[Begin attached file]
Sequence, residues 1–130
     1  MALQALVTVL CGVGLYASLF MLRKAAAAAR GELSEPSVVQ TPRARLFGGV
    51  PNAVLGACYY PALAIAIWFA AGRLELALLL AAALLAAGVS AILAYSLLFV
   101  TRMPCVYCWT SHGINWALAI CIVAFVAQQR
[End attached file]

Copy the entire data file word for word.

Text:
Sequence, residues 1–130
     1  MALQALVTVL CGVGLYASLF MLRKAAAAAR GELSEPSVVQ TPRARLFGGV
    51  PNAVLGACYY PALAIAIWFA AGRLELALLL AAALLAAGVS AILAYSLLFV
   101  TRMPCVYCWT SHGINWALAI CIVAFVAQQR